Mr JOHNSON - Of course, the motton itself will really include Papua; but I only desired to specialize that territory in connexion with the New Hebrides. Upon other occasions I have spoken at some length upon the importance of peopling the South Pacific Islands with members of our own race for the purpose of establishing trade relations, which in course of time - owing to the immense fertility of a number of those islands - must become very important and considerably add to the development of our commerce in the Pacific. Honorable members are aware that at the present time there is a scheme in progress to cut a canal through the Isthmus of Panama. That scheme was projected about a quarter of a century ago, but was not then proceeded with. When it was first mooted, however, I clearly saw that, in the event of effect being given to it, a great deal of our commerce, which now flows through the Mediterranean Sea, the Suez Canal, and the Red Sea would be diverted into an entirely new channel. I saw that a very large portion of it would be diverted into the Atlantic Ocean, and that, passing through the Panama Canal, it would cross the Pacific to the shores of Australia. I realize, as every thinking man must do, that the completion, of 'this canal must bring about a great transformation so far as both the North and the South Pacific Oceans are concerned. From comparatively quiet, unfrequented waters, they will be transformed into, perhaps, the busiest ocean highways of the world, along which the great bulk of the commerce, not only of Great Britain, but of Continental countries and the east coast of America, will flow to Australia, as well as to ports on the west coast of North and South America. The Pacific Ocean, comparatively unfrequented as it is, will a few* years hence become alive with the commerce of the civilized nations of the earth, and it is most important that Australia should consider what will be the effect of that transformation upon her ow.ni commerce, and her trade with other nations, which flows across these seas. One of the first things to be guarded against is the occupation by foreign Powers of the most important group of islands lying close to what will be the main route of traffic between Panama and Australia. It is essential for the protection of our commerce on these seas that those islands shall be effectively " policed," and that cannot be done unless they are in the possession of Great Britain, or are at least under a British protectorate. With that object in view, every encouragement should be given to the people of Great Britain and Australia to settle in and develop the islands of the Pacific. We ought to grant every facility to those of our own race and blood, and who speak our own tongue, to settle in these islands, and so secure a preponderating influence im relation to any international adjustment which may have to be made hereafter in reference to their control. The New Hebrides group is not far removed from the trade route between Panama and Australia, and, in the opinion of myself and others, and particularly in the opinion of naval experts, they are, from. a strategical stand-point, the most important group in the Pacific. They are so regarded because of their comparative freedom from the dangers of navigation, in the shape of coral reefs, which characterize most of the islands in the Pacific Ocean, and because of their spacious harbors, which afford a safe anchorage for ships of large tonnage. These harbors are well sheltered, have a safe approach, and afford the best facilities for the establishment of coaling stations and for naval armament and equipment purposes. It is mainly because I view the importance of the group from that stand-point that I am induced to table this motion. As honorable members are aware, the island's at present appear to be the subject of friendly controversy between the French and the British nations. _ But unless some satisfactory basis of settlement - satisfactory to Australia, I mean - is arrived at shortly, the struggle for supremacy between these two Powers in regard to the settlement of the group, which maybe claimed late! on to give the right to proceed from effective occupation to ultimate control, is likely to develop less friendly relations between ourselves and our French neighbours. As the disputes in regard to land tenure, which are at present the subject of a good deal of discussion, may ultimately be determined by the question of effective occupation, it is most important that we should encourage British and Australian' settlers, bv every legitimate means, to take up land in those islands, and assist in the development of their resources. I must certainly give credit to the Prime Minister for the statesmanlike attitude he has always adopted in regard to this question, and for the interest he has invariably displayed in it. It is d!ue to him also to say that an arrangement was entered into between his Government and Burns, Philp, and Company, by which the latter were to take up certain land in the island, and afford facilities for the immigration of Australian settlers there. The company carried out that arrangement, so far as they were able to do so, and conveyed a number of Australians to the islands, either free of charge, or at nominal rates. The outcome of this arrangement was that a number of Australians took up land in the New Hebrides with the intention of developing the resources of the group. As honorable members are aware, copra is the principal article of export, and it is necessary that the settlers, while waiting for their cocoanut trees to reach maturity, shall have some means of obtaining a livelihood. It takes from seven to ten years for the cocoanut tree to reach the bearing stage, and the settlers in the meantime have been devoting their attention to the production of maize, coffee, and arrowroot. Maize, so far, has been the principal product on which they have relied for their maintenance, pending the turning of their cocoanut plantations to profitable account. It is unfortunate, however, that while these facilities have been placed at the disposal of the settlers - whilst we have given them an improved means of communication bv increasing the mail subsidy - we have on the other hand raised a Tariff wall which prevents the introduction of their products into Australia. Increased mail services can avail them nothing so long as their products are shut out of our markets. In consequence of our action a number of the settlers in the islands have been reduced, in some instances, to absolute penury, and in nearly all cases to a condition bordering more or less on destitution. They have made several appeals to the Commonwealth Government to assist them, not by monetary grants, but by treating them as fellow Australians - as citizens of the Commonwealth, endeavouring to help in the work of building up the Empire in these seas. There is no doubt that, even under the most favorable circumstances, courage and hope, as well as skill, are needed by those who leave these shores to live under the conditions obtaining in the islands, and to do the work of pioneering there. But when, after encouraging our people to settle in the group, we deliberately set up' obstacles in the way of their progress, and close the only profitable, market open to them,tt we are guilty of something worse than folly. The effect of this action on our part is likely to be very serious. We may not feel it immediately, but there is not the slightest doubt that, unless we take steps to remedy the evil we have created by our failure to afford reasonable encouragement to these settlers, we shall realize later on, in a very unpleasant way, perhaps, the blunder we have committed. I am glad to say that in nearly all the principal newspapers of this and other State capitals articles have recently appeared expressing opinions which coincide with my own I am glad that a most instructive article of this character has appeared in the Age newspaper, because it is not often that I can speak in terms of commendation of the matter appearing in that journal!. As the writer puts the case for the settlers in the New Hebrides very concisely, I may 'be pardoned for quoting what he says. The article appeared as a leader in the Age of the 25th June last, and is as follows : -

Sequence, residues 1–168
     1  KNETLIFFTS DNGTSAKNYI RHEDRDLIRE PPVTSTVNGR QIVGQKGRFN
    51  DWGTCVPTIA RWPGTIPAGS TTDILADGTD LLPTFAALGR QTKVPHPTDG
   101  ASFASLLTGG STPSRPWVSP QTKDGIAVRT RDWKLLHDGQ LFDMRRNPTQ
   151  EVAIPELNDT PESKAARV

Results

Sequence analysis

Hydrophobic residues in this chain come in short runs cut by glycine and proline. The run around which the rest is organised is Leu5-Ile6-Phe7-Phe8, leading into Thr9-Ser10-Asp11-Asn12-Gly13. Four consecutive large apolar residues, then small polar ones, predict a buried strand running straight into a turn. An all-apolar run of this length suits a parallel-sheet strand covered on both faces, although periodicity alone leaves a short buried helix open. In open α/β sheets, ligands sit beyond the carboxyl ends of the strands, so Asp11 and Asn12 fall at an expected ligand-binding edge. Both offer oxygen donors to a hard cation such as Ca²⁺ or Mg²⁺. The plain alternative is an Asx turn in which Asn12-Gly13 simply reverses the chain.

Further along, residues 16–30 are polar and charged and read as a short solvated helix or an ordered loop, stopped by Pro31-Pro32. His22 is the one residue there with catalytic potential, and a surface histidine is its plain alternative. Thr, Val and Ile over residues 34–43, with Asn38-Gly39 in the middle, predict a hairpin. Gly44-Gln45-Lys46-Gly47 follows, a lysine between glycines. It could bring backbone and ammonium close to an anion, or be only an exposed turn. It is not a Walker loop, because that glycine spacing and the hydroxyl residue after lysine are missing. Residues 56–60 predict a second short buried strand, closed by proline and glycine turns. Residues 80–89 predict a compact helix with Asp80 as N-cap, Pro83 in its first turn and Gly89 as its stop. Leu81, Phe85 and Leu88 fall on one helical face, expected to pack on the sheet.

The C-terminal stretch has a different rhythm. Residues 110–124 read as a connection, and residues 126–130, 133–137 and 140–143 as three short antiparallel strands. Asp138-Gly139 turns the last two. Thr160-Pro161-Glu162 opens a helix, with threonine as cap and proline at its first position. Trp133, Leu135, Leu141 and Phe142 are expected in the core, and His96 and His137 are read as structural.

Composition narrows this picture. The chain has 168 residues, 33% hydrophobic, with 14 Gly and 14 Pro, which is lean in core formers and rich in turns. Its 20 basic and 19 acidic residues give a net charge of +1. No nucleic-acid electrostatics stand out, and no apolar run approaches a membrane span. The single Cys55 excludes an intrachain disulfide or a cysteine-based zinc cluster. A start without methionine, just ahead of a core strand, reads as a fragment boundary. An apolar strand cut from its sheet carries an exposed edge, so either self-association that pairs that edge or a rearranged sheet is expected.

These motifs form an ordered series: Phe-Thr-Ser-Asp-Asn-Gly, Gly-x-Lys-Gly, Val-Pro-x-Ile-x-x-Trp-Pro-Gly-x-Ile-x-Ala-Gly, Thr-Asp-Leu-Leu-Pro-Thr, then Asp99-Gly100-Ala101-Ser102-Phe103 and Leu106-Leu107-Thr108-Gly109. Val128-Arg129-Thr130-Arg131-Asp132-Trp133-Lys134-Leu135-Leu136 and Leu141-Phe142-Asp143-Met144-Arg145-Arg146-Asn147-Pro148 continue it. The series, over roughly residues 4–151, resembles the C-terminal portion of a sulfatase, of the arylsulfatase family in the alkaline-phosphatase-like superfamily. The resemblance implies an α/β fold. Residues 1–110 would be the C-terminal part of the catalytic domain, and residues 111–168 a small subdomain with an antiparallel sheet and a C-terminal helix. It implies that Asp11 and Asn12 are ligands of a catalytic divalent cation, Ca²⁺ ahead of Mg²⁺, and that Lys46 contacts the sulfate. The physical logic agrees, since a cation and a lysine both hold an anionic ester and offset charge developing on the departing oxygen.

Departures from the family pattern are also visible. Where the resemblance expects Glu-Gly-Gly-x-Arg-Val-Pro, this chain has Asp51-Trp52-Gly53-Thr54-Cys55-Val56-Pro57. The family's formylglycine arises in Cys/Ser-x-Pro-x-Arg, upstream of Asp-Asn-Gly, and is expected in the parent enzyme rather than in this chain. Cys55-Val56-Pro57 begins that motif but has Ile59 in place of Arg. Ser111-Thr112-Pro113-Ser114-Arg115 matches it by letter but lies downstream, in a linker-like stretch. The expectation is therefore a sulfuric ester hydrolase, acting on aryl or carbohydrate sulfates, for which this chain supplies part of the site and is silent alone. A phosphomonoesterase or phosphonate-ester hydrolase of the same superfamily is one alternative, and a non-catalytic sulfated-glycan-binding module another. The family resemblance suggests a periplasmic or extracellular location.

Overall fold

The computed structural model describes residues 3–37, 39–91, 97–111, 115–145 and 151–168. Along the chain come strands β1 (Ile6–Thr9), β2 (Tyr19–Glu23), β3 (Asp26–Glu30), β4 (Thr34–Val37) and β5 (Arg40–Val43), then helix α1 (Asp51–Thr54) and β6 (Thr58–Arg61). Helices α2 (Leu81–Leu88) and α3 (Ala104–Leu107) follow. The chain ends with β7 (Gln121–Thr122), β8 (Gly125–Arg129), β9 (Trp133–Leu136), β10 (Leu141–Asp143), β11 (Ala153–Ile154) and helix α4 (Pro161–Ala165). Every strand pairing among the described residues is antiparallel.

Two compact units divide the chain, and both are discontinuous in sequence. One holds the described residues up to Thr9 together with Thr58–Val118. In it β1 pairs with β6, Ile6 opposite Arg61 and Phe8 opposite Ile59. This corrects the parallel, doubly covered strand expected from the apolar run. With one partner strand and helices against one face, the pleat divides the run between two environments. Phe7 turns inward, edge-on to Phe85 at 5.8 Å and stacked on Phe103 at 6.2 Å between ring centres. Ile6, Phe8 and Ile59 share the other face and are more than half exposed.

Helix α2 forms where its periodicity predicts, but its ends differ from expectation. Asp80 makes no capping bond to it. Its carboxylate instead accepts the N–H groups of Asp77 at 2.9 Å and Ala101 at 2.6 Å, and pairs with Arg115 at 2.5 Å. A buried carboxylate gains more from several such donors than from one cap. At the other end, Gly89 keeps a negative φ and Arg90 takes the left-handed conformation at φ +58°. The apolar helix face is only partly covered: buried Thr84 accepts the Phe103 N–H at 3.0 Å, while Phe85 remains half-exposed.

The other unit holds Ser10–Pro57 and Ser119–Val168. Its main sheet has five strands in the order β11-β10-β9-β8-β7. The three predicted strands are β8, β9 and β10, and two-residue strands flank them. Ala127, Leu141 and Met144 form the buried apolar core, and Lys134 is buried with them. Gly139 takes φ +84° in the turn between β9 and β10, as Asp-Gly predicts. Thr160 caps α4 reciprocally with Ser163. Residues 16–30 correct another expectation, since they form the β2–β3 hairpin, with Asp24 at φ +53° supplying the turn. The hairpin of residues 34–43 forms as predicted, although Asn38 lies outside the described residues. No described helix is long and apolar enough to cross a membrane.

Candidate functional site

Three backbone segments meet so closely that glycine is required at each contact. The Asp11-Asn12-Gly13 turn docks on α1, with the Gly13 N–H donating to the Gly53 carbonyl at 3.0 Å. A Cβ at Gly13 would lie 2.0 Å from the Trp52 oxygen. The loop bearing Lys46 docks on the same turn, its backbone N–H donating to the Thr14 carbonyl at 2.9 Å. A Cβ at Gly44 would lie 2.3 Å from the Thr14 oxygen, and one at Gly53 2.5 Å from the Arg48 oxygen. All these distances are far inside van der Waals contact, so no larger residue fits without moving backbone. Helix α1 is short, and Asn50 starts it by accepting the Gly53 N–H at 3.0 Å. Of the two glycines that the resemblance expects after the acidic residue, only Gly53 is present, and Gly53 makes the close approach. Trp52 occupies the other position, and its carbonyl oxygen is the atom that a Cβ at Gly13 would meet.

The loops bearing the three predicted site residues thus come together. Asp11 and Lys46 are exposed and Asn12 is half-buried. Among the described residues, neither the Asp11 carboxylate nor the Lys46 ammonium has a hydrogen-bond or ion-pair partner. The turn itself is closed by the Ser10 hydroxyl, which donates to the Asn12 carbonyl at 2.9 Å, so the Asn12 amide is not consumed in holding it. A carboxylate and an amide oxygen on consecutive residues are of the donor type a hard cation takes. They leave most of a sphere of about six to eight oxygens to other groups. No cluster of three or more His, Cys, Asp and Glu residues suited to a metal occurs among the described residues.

About the, time the Commonwealth was created there was so great a danger of the New Hebrides passing completely under the domination of the French that the Government was obliged to take practical steps to avert an issue so menacing to Australian national interests. Strong representations were made to the Imperial authorities, and soon afterwards an agreement was entered into between the Commonwealth Government and Messrs. Burns, Philp, and Co., whereby the lands belonging to that company in the group were thrown open for British settlement. In consequence about sixty Australians were induced to settle in the islands and undertake the cultivation of cocoanut. The situation was thereby temporarily saved, for the influx of the new colonists turned the tide in favour of British supremacy. They* 'set about the task of establishing themselves m the most sanguine spirit, and a bright future apparently lay before them. The idea was that they should derive their main income from copra - the product of the cocoanut - but as the cocoanut palm does not come into bearing for about seven to ten years after being ' planted, they expected to make their living in the meanwhile by growing maize and coffee for the Australian market. It was that prospect which persuaded them to leave. their homes on the mainland and embark their capital and enterprise in the work of asserting and maintaining Australian interests in those lonely Pacific islands. The Commonwealth Parliament at once proceeded to reward them for their patriotism by breaking all its implied promises and treating them as outcast aliens. It passed a Tariff which very properly put a high duty on foreign grown maize and coffee, but as it neglected to provide any rebate on British grown produce entering Australia from die New Hebrides, it showed in the most practical fashion that it regarded the British settlers it had enticed there as no better than foreigners and enemies. That Tariff still stands unaltered. The fact has already produced results injurious to the Commonwealth. Twothirds of the Australian colonists have exhausted their capital and have been compelled to abandon their embryo plantations and quit the islands for want of a market in which to dispose of the products of their toil. Australian selfishness has ruined them, and those who still survive are being brought nearer to the same ruin, by the same cause, day by day. The French settlers, on the other hand, are flourishing. They are subsidized by the French Government to the extent of ^34,000 per annum; their produce is allowed to enter Noumea practically duty free, and they enjoy the full rights of French citizenship. France realizes the enormous strategical importance of the islands, and is willing to make any reasonable sacrifice to secure them. She has lately offered British settlers the same rights and privileges as their French rivals now enjoy if they will become naturalized as French subjects.